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Neural processing of temporal modulations and computational modelling – Heardevcomp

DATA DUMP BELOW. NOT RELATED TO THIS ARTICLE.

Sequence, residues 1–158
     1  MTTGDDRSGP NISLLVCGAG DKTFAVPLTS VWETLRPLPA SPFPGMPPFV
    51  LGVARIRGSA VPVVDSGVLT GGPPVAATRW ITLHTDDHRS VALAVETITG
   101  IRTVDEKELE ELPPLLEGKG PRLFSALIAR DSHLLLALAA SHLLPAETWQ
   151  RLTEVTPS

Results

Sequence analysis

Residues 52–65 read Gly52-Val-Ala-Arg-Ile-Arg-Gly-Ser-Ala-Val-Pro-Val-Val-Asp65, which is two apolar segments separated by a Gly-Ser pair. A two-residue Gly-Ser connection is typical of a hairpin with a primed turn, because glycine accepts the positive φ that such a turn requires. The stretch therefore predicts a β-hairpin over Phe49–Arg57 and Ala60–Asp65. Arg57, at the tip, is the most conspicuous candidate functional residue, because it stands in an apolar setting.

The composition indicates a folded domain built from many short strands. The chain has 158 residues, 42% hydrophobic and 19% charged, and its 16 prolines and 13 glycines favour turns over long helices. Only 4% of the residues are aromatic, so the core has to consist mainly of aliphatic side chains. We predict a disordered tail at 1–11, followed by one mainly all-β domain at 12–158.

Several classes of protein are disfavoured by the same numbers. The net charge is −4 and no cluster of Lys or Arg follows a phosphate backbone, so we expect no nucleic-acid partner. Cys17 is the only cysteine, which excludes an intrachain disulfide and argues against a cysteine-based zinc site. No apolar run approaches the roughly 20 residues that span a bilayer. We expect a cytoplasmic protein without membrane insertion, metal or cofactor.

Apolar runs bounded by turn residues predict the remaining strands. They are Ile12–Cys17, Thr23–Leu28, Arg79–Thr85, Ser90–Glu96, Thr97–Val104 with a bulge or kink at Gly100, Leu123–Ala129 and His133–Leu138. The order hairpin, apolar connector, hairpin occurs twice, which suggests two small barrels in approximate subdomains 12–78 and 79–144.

Infants are capable of rapidly acquiring a language through ‘simple’ exposure to speech. This remarkable ability is quite surprising given that the auditory cortex is still developing until the end of adolescence. In adults, studies have shown that the processing of acoustic information, such as variations in sound amplitude over time known as the ‘sound envelope’, is of crucial importance for speech perception. In the present study, we aim to characterise the evolution of sound envelope processing during development in infants. To this end, we are using the electroencephalography technique to measure the synchronisation of neurons with the temporal envelope of sound, which fluctuates at different rates. In order to better identify the brain regions involved in this processing during development, we will use computational models developed in collaboration with IRCAM (Dr Emmanuel Ponsot). This will enable us to better characterise the brain structures involved in processing variations in loudness, and thus to better characterise normal auditory development. A better understanding of the mechanisms involved in auditory maturation is essential if we are to better understand the causes of auditory and language pathologies.

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